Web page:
A study published a few years ago showed that people who spent money to delegate tasks they disliked were happier than those who didn’t. In other words, when you buy time instead of things you feel better.
Most of us have been conditioned to covet material things, believing they represent success and bring happiness. But the truth often looks very different. Here are 4 reasons you’re better off to buy time than material things.
1. The high doesn’t last.
I can attest to the disappointment that follows many material purchases. You believe buying this thing will scratch a certain itch. And it does for a while, but the euphoria fails to last.
If you’re not careful you’ll go searching for the next thing believing that will finally fulfill you. It’s a vicious cycle that plays out like an addiction and can have a devastating impact on your pocketbook.
2. When you buy time you build confidence.
When you buy time instead of things, you’re saying “I’m worth it.” Where a material purchase often feels like a panacea or a consolation prize, spending money to free up time feels like a real gift to yourself.When you buy time instead of things, you're saying "I'm worth it." Click To Tweet
3. It helps you focus on strengths.
When we buy time, we make a decision to focus on things we like to do. These are almost always our strengths.
By investing more time in the things we’re good at, we get even better at them. And the weaknesses we can never hope to master get shifted to someone who’s better suited to tackle them.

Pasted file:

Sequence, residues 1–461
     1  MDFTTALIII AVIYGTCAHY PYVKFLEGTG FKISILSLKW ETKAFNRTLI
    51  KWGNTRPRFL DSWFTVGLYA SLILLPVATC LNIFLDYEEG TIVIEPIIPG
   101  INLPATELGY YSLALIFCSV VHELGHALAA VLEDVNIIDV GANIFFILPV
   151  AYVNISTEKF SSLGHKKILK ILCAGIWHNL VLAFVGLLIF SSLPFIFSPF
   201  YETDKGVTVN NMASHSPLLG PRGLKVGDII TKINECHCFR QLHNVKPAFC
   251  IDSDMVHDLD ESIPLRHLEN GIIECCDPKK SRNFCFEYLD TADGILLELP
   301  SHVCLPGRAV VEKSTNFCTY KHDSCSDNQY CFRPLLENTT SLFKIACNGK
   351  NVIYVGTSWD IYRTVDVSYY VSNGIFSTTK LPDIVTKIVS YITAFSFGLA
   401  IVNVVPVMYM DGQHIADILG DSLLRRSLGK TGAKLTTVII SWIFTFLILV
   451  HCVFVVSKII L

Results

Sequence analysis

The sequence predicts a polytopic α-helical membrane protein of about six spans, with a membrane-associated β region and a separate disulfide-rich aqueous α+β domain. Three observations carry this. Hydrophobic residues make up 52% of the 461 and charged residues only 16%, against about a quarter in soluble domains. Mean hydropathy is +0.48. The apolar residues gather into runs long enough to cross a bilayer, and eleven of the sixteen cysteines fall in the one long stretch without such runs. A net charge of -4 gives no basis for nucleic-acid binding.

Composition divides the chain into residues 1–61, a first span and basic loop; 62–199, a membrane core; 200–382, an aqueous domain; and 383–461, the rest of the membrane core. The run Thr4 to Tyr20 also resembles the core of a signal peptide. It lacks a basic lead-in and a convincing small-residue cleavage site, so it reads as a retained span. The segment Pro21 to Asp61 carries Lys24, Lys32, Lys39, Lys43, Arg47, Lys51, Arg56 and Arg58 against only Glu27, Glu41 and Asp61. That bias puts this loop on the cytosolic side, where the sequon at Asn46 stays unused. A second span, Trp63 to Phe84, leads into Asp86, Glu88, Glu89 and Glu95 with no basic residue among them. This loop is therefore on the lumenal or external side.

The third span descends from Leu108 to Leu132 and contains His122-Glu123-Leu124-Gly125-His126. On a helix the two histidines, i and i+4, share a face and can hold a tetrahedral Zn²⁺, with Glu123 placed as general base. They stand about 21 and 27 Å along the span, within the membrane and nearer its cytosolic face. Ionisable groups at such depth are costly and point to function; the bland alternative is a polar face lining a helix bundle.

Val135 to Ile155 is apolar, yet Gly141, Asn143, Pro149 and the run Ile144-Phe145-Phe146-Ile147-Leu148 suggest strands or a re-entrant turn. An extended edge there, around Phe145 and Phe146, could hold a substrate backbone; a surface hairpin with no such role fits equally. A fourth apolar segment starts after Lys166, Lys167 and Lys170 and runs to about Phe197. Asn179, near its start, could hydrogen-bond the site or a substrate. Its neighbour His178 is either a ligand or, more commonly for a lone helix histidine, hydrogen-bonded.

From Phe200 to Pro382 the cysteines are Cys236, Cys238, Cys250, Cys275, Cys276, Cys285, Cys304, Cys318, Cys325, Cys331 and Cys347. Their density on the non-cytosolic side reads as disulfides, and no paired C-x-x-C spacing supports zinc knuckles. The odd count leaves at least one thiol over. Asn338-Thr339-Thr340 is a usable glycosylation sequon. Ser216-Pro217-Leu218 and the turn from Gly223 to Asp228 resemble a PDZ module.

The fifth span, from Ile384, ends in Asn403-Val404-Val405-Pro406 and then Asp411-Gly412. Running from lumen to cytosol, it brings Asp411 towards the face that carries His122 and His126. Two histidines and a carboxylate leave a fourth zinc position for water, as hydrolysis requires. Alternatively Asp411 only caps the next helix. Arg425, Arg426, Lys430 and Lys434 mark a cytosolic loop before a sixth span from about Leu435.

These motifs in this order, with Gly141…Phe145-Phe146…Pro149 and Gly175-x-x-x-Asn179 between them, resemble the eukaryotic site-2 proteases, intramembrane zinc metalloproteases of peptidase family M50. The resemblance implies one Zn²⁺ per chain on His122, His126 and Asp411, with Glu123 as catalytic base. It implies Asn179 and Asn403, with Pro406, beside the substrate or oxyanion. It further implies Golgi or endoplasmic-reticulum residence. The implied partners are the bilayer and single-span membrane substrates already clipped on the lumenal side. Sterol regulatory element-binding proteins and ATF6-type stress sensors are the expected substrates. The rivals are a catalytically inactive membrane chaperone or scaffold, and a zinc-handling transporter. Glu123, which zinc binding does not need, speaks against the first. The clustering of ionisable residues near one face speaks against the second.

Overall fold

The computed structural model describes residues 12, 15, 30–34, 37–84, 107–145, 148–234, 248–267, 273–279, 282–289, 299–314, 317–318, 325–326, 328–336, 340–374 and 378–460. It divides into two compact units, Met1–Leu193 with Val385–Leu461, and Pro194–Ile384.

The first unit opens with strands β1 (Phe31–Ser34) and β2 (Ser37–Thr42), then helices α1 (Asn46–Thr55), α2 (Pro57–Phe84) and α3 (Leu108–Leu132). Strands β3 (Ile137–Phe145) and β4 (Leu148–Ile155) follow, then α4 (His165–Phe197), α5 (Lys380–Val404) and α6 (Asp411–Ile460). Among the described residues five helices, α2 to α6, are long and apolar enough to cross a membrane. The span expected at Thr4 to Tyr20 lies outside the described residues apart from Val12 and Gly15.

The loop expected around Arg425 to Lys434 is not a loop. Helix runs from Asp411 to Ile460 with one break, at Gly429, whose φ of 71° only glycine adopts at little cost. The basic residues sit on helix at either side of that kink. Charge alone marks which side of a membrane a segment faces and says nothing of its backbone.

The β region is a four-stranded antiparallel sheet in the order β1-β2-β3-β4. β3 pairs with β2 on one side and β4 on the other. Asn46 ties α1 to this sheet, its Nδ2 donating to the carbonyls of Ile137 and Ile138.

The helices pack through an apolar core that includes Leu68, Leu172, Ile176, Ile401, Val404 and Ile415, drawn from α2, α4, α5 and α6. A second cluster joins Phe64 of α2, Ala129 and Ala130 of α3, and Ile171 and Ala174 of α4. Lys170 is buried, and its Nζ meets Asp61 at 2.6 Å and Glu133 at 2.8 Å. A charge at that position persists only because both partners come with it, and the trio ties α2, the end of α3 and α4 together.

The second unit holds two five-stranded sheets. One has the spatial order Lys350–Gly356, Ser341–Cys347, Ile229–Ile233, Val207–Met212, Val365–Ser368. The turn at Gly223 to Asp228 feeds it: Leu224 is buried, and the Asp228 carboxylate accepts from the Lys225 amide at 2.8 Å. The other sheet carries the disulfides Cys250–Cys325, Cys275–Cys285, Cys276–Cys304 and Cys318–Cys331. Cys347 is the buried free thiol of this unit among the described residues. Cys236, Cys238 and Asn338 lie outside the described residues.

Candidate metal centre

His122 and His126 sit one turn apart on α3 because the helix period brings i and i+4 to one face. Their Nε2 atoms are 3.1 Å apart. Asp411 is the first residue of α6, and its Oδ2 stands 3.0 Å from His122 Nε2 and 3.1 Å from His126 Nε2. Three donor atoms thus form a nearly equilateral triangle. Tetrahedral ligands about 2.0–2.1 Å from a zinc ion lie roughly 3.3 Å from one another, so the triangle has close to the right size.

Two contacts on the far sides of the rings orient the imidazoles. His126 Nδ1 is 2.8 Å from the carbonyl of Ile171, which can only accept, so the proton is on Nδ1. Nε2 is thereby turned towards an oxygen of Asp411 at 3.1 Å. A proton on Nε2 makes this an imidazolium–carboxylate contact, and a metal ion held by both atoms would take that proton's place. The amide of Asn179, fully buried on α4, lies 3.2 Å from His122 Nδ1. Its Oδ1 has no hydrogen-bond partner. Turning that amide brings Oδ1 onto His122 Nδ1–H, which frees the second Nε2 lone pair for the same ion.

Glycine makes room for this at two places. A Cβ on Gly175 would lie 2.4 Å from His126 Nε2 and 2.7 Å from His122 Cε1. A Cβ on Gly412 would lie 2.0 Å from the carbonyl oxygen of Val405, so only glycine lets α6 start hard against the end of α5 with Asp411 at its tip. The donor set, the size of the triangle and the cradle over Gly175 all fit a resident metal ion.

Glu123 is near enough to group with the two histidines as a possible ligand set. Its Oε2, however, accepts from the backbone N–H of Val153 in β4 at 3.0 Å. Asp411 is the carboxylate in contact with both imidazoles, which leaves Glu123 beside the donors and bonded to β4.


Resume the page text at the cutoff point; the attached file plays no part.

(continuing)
4. It increases progress.
In both business and personal life, when you buy time it helps you move faster toward your goals. This should seem obvious, but many refuse to invest in themselves by paying someone else to do certain tasks.In both business and personal life, when you buy time it helps you move faster toward your goals. Click To Tweet
They don’t want to spend the money, so they attempt to do everything themselves. But, from a personal growth perspective, wasting time on your weaknesses is a terrible investment.
When you buy time to spend more of it doing what you love, you become a master at those things. When you refuse to invest in help for things you dislike, however, you get distracted.
Instead of focusing on and improving your “zone of genius” you experience frustration and self-doubt as you struggle through a task you loathe.
How to change your mindset and buy time
Have you stopped to think there’s a reason you’re better at some things than others? It’s not bad luck that you’re terrible at design and competent at writing (my personal example).
God gave you certain talents and abilities because that’s what you’re supposed to do. You owe it to yourself and everyone else to spend as much time as possible nurturing those gifts.
Pay attention to how you feel when you struggle through those tasks you dread and refuse to outsource. Then contrast that with the feeling of flow, ease, and fulfilment you experience while doing something you love.
Even when it reaps no financial rewards, you are worthy of spending most of your time doing things that bring you pleasure and fulfillment. If you feel you can’t afford to buy time this way, look at material expenses you can cut to make room in your budget.
There is no return on investment for most material purchases. And they have little to no lasting impact on your happiness. So, why not rearrange your budget to buy time instead?